February 4, 2020, marks the 20th annual World Cancer Day. On this day, the National Comprehensive Cancer Network® (NCCN®)—a nonprofit alliance of leading cancer centers—is commemorating its 25th anniversary year by looking back at the tremendous progress made against cancer over the past quarter-century and looking forward to further define and advance high-quality, high-value, patient-centered cancer care globally. Earlier this year, the American Cancer Society (ACS) announced that the cancer death rate has dropped 29% in the United States since 1991. However, cancer is still the second-leading cause of death worldwide, according to the Union of International Cancer Control (UICC), whose newly-released report from the International Public Opinion Survey on Cancer 2020: What people feel, think, and believe about cancer today indicates a clear divide between higher and lower socioeconomic groups when it comes to awareness of cancer risks and how to mitigate them.
The NCCN Clinical Practice Guidelines in Oncology (NCCN Guidelines®) are free resources that help raise standards for cancer care worldwide. The evidence-based, consensus-driven recommendations are intended to ensure that all patients receive the preventive, diagnostic, treatment, and supportive services that are most likely to lead to optimal outcomes. They were downloaded more than 11 million times across the globe in 2019; an increase of more than a million over the previous year. NCCN Guidelines® are the most thorough and frequently-updated medical guidelines available, and have expanded to now cover 76 different topics, including cancer types that account for over 97% all cancer cases, plus supportive care such as distress, pain, smoking cessation, immunotherapy-related toxicity, and many others.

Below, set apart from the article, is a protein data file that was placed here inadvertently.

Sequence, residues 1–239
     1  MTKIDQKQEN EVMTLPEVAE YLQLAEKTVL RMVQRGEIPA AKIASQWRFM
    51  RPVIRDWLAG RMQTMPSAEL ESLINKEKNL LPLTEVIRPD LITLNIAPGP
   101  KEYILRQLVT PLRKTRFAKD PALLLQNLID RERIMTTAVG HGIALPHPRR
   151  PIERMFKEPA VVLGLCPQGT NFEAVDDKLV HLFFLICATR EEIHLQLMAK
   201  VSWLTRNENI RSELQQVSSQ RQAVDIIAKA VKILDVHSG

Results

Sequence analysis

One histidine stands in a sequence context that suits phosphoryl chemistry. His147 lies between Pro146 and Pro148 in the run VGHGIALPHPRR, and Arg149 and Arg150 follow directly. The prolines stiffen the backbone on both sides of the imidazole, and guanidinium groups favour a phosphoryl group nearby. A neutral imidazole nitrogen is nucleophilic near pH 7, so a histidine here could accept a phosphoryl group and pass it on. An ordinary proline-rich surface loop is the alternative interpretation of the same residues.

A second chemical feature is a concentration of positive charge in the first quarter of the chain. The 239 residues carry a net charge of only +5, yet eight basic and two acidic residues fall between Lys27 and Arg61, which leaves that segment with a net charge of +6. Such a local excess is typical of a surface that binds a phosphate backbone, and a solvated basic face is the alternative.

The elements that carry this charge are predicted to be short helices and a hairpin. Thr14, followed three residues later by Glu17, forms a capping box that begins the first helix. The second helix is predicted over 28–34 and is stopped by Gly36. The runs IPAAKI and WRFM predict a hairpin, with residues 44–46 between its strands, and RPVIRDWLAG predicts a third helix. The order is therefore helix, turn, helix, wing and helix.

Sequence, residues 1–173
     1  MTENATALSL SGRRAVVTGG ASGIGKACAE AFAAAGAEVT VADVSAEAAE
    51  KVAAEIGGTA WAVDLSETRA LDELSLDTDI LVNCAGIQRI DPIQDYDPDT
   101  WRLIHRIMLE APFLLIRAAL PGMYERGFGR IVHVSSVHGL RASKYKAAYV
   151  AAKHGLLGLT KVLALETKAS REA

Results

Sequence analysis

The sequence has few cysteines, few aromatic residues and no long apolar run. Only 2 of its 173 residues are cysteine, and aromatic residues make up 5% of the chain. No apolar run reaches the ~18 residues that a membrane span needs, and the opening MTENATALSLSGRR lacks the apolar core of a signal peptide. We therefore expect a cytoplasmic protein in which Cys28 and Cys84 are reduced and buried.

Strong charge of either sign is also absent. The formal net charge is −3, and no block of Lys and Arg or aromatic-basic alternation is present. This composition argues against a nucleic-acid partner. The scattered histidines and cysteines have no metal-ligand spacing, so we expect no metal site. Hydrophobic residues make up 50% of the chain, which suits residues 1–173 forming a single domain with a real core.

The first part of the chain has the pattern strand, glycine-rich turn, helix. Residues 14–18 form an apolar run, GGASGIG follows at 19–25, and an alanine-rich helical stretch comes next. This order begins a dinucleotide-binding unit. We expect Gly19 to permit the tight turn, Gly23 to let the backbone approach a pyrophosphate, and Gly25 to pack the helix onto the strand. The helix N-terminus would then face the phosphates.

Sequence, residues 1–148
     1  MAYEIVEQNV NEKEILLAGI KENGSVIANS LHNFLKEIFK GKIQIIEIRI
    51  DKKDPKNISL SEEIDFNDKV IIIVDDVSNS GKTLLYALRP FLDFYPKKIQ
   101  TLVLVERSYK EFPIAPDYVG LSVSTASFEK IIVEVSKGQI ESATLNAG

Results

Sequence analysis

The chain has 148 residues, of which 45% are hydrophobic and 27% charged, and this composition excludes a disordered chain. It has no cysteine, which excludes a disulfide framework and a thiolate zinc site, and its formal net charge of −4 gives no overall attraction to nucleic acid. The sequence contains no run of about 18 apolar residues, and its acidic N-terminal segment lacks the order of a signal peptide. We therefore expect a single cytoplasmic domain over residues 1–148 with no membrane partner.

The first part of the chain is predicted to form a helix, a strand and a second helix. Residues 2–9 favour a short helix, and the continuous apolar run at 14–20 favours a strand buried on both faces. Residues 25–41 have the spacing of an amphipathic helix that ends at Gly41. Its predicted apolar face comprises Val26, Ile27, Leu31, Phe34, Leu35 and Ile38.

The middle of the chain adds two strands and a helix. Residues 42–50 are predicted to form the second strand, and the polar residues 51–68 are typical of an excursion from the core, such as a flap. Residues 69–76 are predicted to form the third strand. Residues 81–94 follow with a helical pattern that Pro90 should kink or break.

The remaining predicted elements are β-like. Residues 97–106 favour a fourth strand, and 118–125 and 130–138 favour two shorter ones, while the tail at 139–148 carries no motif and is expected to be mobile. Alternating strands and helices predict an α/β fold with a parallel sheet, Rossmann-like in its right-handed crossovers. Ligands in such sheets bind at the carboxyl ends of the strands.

“Remarkable progress has been made in the fight against cancer,” said Robert W. Carlson, MD, NCCN’s Chief Executive Officer (who appears in the World Cancer Day “20 Leaders 1 Question” video series). “In the past year, NCCN launched two new pediatric cancer guidelines in response to the nearly 90% survival rates for childhood leukemias and lymphomas that seemed untreatable just a few decades ago. We also see progress reflected in the growing need for improving the survivorship experience, and in ongoing efforts to tailor cancer treatments to each specific patient. Unfortunately, there are still too many places where optimal treatment recommendations aren’t being followed or can’t be followed due to a lack of resources. Our goal, today and every day is to make high-quality cancer care accessible to everybody.”
One way NCCN is addressing disparities is through the publication of NCCN Guidelines for Patients®, patient-friendly versions of the clinical guidelines which empower people with cancer and their caregivers with free, unbiased guidance from the world’s leading cancer experts. They are supported by the NCCN Foundation. In honor of World Cancer Day, NCCN is working to publish a new book for people with cervical cancer. Cervical cancer has the 4th highest cancer incidence in women worldwide, with the highest incidence and mortality in predominantly resource-constrained regions of the world, including Sub-Saharan Africa (where NCCN recently helped launch Allied Against Cancer, with the African Cancer Coalition, ACS, the Clinton Health Access Initiative, and IBM. Ongoing work includes the creation and publication of a library of NCCN Harmonized Guidelines™). Visit NCCN.org/wcd to learn more about, and share in, the ongoing efforts.
NCCN is also addressing the treatment and prevention of HPV-related cancers (including cervical cancer) during the NCCN 2020 Annual Conference in Orlando, Florida on March 20-22. Julie Torode, PhD, Director of Special Projects for UICC will participate in a keynote session titled “Strategies for Prevention and Control of HPV-Associated Cancers.” The panel will discuss the benefits of vaccination and explain how to incorporate appropriate screening and treatment strategies for HPV-associated cancers. Visit NCCN.org/conference for the full conference agenda, which also includes sessions on guidelines updates, biomarkers, biosimilars, hereditary cancer risks, smoking cessation, and a roundtable discussion on cancer care during an election year.
“To tackle the global cancer burden now and for the future, governments and decision-makers across the international cancer community must come together to ensure that everyone is afforded every opportunity to take control over their cancer risk—no matter their education or income level,” said UICC President HRH Princess Dina Mired of Jordan, in a statement for World Cancer Day.